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Title: Cohort differences in dependency in activities of daily living, self-perceived health and GP contact in older people over a seven-year timespan
Authors: Spiers, Nicola
First Published: 1999
Award date: 1999
Abstract: Total populations aged 75 years an over, drawn from the age-sex register of the General Practice for Melton Mowbray in 1981 and 1988, were surveyed on health and sociodemographics by trained fieldworkers. For this study, participants were subdivided into seven year birth cohorts, born 1885-1891, 1892-1898, 1899-1905 and 1906-1912. Age-cohort and age-period logistic regression models were fitted to quantify trends in dependency (defined by human or technological help in at least one of: mobility about the home getting in and out of bed getting in and out of a chair dressing and eating), in self-perceived health defined by response to the question "For your age, in general, would you say that your health was good, fair or poor", and in self-reported GP contact in the home or surgery in the past month. Five-year survival and predictors of GP contact were also modelled. With more than 90% response, numbers interviewed at home were 1124 in 1981 and 1500 in 1988. Prevalence of dependency in the newer cohorts was slightly reduced compared to earlier cohorts surveyed at comparable age, but perceptions of health were less favourable in the newer cohorts, this difference being statistically significant for women. Less than good self-perceived health was confirmed as a predictor of five-year mortality in people aged 75-81 years, and an independent predictor of GP contact. For men, each succeeding cohort had higher rates of GP contact, whilst rates were stable for women. Associations of self-perceived health with GP contact were strongest for men aged 75-81 years in 1988, these men also having higher risk of contact and worse 5-year survival compared to men aged 75-81 years in 1981.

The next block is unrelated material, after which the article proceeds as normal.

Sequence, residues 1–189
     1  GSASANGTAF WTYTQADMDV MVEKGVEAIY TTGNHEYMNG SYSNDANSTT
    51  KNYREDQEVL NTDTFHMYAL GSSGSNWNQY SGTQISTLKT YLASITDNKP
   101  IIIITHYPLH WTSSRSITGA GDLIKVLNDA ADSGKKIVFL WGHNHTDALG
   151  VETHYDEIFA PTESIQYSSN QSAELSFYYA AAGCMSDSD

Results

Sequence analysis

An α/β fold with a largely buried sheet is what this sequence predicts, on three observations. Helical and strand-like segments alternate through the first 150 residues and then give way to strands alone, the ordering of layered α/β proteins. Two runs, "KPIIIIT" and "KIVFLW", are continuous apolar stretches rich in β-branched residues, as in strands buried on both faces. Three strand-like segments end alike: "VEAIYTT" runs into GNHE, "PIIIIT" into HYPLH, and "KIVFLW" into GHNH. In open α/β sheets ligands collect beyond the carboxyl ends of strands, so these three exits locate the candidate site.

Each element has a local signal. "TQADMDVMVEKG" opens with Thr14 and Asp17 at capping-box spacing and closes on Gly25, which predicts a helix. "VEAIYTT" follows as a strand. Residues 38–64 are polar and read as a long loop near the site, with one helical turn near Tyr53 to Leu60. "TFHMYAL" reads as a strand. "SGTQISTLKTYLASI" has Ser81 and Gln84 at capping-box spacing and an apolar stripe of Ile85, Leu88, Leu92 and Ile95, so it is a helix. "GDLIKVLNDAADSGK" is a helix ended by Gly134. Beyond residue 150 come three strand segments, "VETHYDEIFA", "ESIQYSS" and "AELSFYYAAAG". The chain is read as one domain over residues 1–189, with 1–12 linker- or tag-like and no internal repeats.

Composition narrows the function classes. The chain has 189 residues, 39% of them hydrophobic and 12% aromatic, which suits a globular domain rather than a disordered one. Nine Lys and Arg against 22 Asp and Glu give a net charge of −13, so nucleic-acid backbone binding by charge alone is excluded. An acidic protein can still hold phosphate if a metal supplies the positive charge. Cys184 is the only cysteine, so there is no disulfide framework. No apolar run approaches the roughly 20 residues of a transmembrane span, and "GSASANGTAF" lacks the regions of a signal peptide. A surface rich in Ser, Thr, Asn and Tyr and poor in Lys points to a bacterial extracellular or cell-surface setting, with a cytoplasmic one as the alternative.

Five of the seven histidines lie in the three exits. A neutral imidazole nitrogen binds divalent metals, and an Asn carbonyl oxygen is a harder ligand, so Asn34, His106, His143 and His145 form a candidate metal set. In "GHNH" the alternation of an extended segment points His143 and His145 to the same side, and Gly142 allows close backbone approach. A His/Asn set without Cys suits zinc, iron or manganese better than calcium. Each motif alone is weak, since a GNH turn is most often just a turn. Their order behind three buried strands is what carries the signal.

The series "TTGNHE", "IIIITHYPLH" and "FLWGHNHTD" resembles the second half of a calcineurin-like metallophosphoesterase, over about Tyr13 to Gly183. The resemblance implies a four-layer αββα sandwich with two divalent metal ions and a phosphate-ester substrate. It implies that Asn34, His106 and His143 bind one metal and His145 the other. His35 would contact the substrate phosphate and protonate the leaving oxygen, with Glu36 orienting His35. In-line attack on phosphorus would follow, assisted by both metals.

Type: Thesis
Rights: Copyright © the author. All rights reserved.
Appears in Collections:Theses, College of Medicine, Biological Sciences and Psychology
Leicester Theses

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